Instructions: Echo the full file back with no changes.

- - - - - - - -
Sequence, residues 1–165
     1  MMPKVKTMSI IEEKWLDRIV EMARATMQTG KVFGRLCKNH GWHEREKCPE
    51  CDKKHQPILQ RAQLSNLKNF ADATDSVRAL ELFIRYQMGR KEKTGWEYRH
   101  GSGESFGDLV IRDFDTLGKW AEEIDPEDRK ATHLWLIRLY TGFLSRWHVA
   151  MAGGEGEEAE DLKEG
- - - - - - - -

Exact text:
Sequence, residues 1–165
     1  MMPKVKTMSI IEEKWLDRIV EMARATMQTG KVFGRLCKNH GWHEREKCPE
    51  CDKKHQPILQ RAQLSNLKNF ADATDSVRAL ELFIRYQMGR KEKTGWEYRH
   101  GSGESFGDLV IRDFDTLGKW AEEIDPEDRK ATHLWLIRLY TGFLSRWHVA
   151  MAGGEGEEAE DLKEG